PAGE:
- Canada’s merchandise trade surplus widened from $1.5 billion in August to $1.9 billion in September as imports declined more than exports. This was the fourth consecutive month the trade balance had improved.
- Merchandise exports fell by 2.3 per cent in September. Motor vehicles and parts declined by 17.5 per cent and accounted for three-quarters of the monthly decline. Excluding motor vehicles and parts from the numbers, exports decreased 0.5 per cent. The monthly drop would have been larger had it not been for higher exports of energy products, which increased by 6.1 per cent.
- Merchandise imports were also impacted by the supply chain shortages and contracted by 3.0 per cent. Declines were widespread, with lower imports of motor vehicles and parts (-13.6 per cent), energy products (-10.0 per cent) and metal and non-metallic mineral products (-6.3 per cent) accounting for most of the monthly drop.
- In real terms, merchandise exports declined by 3.0 per cent while imports were down by 4.9 per cent, underscoring the adverse impact the supply issues are having on goods trade. Besides, real merchandise exports were lower in September than they were at the same time last year, indicating the trade sector has taken a couple of steps back in its recovery.
- Exports to the United States contracted by 2.2 per cent in September, while imports decreased by 3.7 per cent. Accordingly, Canada’s trade surplus with the United States widened from $8.1 billion in August to $8.4 billion in September.
- Trade of services moved in the opposite direction of goods, with exports recording a 2.7 per cent gain in September, while imports advanced by 5.6 per cent.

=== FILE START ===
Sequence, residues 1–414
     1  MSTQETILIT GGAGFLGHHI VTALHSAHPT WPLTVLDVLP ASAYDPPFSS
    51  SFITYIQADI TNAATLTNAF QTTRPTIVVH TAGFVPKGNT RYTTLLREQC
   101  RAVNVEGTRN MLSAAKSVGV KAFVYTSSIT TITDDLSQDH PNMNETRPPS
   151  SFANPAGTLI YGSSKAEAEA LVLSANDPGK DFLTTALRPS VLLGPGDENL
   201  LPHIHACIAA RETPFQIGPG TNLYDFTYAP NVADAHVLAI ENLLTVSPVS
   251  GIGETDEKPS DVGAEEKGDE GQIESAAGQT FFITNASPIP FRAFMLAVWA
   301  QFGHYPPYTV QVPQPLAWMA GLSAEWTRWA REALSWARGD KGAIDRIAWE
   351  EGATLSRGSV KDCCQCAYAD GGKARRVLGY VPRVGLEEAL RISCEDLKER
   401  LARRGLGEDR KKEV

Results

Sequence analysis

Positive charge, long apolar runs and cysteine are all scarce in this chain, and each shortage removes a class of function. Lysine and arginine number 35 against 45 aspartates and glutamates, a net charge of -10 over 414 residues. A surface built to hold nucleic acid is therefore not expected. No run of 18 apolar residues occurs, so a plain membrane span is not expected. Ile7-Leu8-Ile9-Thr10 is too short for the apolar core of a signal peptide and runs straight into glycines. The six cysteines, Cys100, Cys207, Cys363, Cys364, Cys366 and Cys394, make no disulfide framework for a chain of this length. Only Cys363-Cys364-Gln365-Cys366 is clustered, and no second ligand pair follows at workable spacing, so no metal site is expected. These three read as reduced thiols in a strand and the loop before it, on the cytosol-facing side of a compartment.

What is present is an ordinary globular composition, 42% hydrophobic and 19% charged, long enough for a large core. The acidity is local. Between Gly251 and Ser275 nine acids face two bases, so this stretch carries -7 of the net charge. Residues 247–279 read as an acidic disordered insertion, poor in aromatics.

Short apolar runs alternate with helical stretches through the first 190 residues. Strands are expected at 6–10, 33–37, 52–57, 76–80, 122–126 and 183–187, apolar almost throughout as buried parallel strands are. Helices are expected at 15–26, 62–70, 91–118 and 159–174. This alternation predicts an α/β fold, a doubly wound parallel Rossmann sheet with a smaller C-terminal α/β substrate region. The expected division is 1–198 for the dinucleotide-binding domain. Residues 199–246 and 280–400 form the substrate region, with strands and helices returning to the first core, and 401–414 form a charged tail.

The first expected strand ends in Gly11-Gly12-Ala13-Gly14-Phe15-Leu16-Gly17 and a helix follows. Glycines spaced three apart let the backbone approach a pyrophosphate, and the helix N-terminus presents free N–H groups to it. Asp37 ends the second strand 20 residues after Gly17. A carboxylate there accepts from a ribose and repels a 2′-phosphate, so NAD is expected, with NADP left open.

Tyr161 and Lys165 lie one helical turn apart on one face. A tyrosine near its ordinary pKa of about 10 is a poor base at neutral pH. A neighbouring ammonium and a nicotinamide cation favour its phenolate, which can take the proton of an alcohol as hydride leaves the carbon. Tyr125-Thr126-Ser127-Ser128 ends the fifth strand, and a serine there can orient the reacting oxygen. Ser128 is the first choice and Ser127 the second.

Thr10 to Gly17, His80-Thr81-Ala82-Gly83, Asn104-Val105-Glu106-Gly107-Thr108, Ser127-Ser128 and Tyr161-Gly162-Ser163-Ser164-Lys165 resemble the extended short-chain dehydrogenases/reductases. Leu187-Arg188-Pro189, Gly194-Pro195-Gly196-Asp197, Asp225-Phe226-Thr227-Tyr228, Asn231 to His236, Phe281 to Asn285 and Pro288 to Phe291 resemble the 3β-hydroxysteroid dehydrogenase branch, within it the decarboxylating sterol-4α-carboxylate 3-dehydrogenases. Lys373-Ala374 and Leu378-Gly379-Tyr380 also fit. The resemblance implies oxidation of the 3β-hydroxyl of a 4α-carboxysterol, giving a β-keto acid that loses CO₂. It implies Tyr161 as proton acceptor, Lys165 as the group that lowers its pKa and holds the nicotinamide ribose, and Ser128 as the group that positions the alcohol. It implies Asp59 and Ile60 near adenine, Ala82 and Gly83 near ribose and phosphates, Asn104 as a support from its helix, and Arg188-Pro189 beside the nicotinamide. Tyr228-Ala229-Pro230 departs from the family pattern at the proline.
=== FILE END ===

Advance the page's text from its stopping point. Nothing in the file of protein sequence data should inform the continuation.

- Despite the improvement in the goods trade balance, September’s merchandise trade numbers were largely disappointing, as the trade sector continues to grapple with supply disturbances. The spread of the Delta variant inflamed disruptions to supply chains and continued to take a major toll on some sectors, such as the motor vehicles and parts industry. Some automakers have been forced to curtail or shut production for an extended period to cope with the supply issues.
- The outlook for Canada’s trade sector in the coming months will be mixed. On the one hand, market imbalances and other ongoing pandemic-related risks to global demand will continue to have a strong hold on Canada’s two-way merchandise trade in the months ahead. On the other hand, after being grounded throughout much of the pandemic, services trade is expected to see an uptick in activity as international travel restrictions are relaxed.
- Despite the supply chain crisis unsettling trade flows, Canada’s trade sector will still manage to turn in a positive performance in the third quarter, with net trade positively contributing to real GDP growth.